John Goberman has produced more than 200 live national telecasts since launching the PBS performance series more than three decades ago. Goberman was cited by Symphony Magazine as one of the 50 most important individuals making a difference in American music. He pioneered the video and audio technology by which concerts, opera, ballets and plays could be telecast during live performances without disruption of performers and audiences. His television work has garnered 13 national Emmy Awards, three Peabodys and the first Television Critics Circle Award for Achievement in Music. Goberman plans to focus on producing another type of performance that he helped to pioneer — “Symphonic Cinema,” in which orchestral scores are performed live to the films for which they were originally commissioned.
It’s not clear what objectives the political appointees of the Alabama Educational Television Commission had in mind when they came out of an executive session on June 12 and voted 5–2 to fire the state-operated public TV network’s top managers. Allan Pizzato, executive director of Alabama Public Television for 12 years, and his deputy, Pauline Howland, were ordered to clean out their desks and immediately vacate the station’s Birmingham headquarters. The dismissals triggered a series of unintended consequences that included an exodus of nine lay leaders from APT’s fundraising organizations, as well as Howland’s reinstatement on a temporary basis two days later. After the dismissals, the commissioners realized that they needed her knowledge and expertise to complete work on APT’s 2013 budget. The fissure also exposed an internal struggle over the commission’s push to schedule programs from the religious right for APT broadcast, and a revision of the network’s mission statement.
The latest incarnation of Bill Moyers’ distinctive brand of talk programming will be the hourlong, multiplatform Moyers & Company, distributed by American Public Television. The January debut for the program — provided fully funded to pubTV stations — will mark the first time PBS has not been the distributor of an ongoing Moyers program to public TV stations, dating to his first show in 1972. His most recent series, Bill Moyers Journal, left the air April 30, 2010, when he retired. “Collaborating with APT offers stations flexibility in deciding where a broadcast can best serve their communities and it offers producers greater flexibility regarding the Web,” Moyers told Current in an email. “And we intend a major use of Web and social media.”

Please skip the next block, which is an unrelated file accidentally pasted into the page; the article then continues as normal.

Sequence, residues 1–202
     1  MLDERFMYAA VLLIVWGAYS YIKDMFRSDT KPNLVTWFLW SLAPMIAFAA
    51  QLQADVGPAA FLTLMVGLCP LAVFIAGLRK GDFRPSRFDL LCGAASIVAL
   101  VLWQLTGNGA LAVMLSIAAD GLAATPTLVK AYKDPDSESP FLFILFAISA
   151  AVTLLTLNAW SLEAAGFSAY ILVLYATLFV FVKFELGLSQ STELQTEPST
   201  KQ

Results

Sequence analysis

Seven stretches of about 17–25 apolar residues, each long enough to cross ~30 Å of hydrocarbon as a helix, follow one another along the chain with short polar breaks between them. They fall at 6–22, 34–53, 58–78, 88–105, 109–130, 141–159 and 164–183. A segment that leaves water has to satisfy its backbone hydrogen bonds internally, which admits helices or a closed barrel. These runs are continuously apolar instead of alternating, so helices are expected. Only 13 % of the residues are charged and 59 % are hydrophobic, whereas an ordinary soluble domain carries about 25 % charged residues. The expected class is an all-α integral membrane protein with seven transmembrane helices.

Moyers described the new show to pubTV stations in a letter Aug.
Serialized adventures of an orphan mouse who dreams of becoming a heroic warrior come to the screen [in April 2001] through American Public Television. Redwall, an animated series about woodland creatures in a medieval abbey, stands apart from PBS kiddie fare as a series that’s not appropriate for the Barney and Dragon Tales set. Redwall is for school-aged kids. British author Brian Jacques, whose books are the basis for the series, began writing them out of dissatisfaction with modern children’s stories. “I thought to meself, what’s wrong with kids discovering the magic of a real story like I used to read as a kid?”